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One of the more frightening facts about mobile IT in 2021 is that simplicity and convenience are far too tempting in small devices (think AppleWatch, AirTags, even rings that track health conditions, smart headphones, etc.).
Compared with their laptop and desktop ancestors, they make it far more difficult to check that URLs are proper, that SPAM/malware texts/emails don’t get opened and that emlpoyees follow the minimal cybersecurity precautions IT asks. In short, as convenience ramps up, so do security risks. (Confession: Even though I try to be ultra-vigilant with desktop emails, I do periodically — far more often than I should — drop my guard on a message coming through my AppleWatch.)
Another of the always-has-been, always-will-be cybersecurity realities is that small programming errors are easy to make and often get overlooked. And yet, those small errors can lead to gargantuan security holes. This brings us to Apple and Airtags.
A security researcher has come to the CISO rescue and found that an open area for typing in a phone number has unintentionally turned AirTags into God’s gift to malware criminals.
Let’s turn to Ars Technica for details on the disaster.
“Security consultant and penetration tester Bobby Rauch discovered that Apple’s AirTags — tiny devices which can be affixed to frequently lost items like laptops, phones, or car keys — don’t sanitize user input. This oversight opens the door for AirTags to be used in a drop attack. Instead of seeding a target’s parking lot with USB drives loaded with malware, an attacker can drop a maliciously prepared AirTag,” the publication reported.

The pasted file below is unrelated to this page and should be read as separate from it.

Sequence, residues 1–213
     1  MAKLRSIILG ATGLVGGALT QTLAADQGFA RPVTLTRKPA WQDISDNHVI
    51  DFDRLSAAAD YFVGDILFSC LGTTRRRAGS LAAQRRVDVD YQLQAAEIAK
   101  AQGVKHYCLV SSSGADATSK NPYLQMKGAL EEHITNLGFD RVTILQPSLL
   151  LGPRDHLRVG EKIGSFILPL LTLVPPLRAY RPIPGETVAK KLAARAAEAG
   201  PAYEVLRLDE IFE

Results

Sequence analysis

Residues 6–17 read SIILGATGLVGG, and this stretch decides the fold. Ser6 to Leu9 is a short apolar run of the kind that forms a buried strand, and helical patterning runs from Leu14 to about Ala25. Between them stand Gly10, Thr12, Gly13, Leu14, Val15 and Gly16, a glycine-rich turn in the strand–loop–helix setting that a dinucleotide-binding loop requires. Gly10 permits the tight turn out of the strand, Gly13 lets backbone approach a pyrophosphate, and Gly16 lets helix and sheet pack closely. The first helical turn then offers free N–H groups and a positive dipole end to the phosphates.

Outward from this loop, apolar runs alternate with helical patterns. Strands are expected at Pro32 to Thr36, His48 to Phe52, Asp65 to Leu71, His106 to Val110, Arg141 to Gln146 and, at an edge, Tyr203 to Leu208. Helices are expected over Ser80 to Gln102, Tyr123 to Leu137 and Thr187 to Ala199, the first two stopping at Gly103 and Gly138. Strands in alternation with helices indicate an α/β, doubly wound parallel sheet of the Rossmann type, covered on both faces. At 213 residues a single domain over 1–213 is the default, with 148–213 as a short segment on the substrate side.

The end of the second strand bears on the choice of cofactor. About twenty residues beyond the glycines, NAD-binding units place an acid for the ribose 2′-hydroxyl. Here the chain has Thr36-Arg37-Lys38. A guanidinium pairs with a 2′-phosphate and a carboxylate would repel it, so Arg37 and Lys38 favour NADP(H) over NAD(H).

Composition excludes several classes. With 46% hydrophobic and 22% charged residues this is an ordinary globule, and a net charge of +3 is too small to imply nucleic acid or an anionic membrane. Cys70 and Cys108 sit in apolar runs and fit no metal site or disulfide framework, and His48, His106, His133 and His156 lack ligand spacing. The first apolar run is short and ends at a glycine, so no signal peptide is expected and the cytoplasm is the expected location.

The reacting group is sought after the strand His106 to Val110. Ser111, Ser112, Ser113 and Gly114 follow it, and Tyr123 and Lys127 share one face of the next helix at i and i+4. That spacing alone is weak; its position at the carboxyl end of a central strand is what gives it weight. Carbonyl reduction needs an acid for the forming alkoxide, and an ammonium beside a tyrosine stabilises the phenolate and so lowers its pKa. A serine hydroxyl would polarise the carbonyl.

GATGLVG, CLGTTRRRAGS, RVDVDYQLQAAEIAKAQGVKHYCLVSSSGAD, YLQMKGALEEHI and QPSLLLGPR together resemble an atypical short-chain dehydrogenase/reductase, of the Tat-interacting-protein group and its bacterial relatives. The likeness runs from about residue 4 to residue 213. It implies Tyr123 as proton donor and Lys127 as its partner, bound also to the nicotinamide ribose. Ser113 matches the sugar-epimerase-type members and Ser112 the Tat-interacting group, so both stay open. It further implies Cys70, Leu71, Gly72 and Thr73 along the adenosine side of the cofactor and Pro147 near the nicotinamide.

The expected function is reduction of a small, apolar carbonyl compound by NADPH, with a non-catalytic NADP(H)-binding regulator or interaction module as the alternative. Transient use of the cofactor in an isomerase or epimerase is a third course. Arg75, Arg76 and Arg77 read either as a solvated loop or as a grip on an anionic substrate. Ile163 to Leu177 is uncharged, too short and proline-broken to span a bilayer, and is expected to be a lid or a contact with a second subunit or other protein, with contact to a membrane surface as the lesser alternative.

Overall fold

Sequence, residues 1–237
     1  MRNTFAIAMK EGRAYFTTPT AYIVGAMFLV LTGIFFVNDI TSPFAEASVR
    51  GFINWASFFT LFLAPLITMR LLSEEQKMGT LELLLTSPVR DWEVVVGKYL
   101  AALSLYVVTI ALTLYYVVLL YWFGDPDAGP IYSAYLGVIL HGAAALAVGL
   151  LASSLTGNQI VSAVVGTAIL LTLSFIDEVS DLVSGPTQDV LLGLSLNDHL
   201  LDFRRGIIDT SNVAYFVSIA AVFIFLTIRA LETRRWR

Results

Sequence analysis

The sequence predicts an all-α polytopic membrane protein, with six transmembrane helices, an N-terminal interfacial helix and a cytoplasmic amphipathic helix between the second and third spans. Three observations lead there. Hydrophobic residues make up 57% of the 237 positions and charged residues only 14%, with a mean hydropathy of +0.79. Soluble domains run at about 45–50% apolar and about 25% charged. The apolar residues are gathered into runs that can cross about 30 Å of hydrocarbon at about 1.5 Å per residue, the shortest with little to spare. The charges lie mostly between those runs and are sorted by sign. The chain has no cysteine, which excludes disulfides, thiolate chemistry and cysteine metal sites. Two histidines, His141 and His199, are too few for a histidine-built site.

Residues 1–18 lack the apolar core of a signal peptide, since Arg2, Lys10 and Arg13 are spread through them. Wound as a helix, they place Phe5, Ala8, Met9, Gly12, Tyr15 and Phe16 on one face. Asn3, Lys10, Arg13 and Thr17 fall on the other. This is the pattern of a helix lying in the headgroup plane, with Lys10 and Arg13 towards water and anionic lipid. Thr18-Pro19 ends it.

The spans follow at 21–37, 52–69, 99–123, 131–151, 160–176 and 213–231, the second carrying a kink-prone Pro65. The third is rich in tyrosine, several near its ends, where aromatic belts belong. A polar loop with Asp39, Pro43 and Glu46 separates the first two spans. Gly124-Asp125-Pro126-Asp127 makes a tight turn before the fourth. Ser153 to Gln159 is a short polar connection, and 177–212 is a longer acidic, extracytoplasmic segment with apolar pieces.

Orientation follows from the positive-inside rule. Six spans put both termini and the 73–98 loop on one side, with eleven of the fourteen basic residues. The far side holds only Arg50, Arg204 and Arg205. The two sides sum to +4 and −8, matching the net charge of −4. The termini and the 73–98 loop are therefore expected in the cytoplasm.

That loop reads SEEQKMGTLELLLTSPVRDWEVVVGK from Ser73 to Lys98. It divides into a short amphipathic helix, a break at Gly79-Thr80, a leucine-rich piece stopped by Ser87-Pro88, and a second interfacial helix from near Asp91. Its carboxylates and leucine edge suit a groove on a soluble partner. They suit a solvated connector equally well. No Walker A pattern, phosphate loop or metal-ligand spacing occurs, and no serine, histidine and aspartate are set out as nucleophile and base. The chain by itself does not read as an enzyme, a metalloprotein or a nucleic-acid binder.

“This kind of attack doesn’t need much technological know-how — the attacker simply types valid XSS into the AirTag’s phone number field, then puts the AirTag in Lost mode and drops it somewhere the target is likely to find it. In theory, scanning a lost AirTag is a safe action — it’s only supposed to pop up a webpage at https://found.apple.com/. The problem is that found.apple.com then embeds the contents of the phone number field in the website as displayed on the victim’s browser, unsanitized.”
The worst part about this hole is…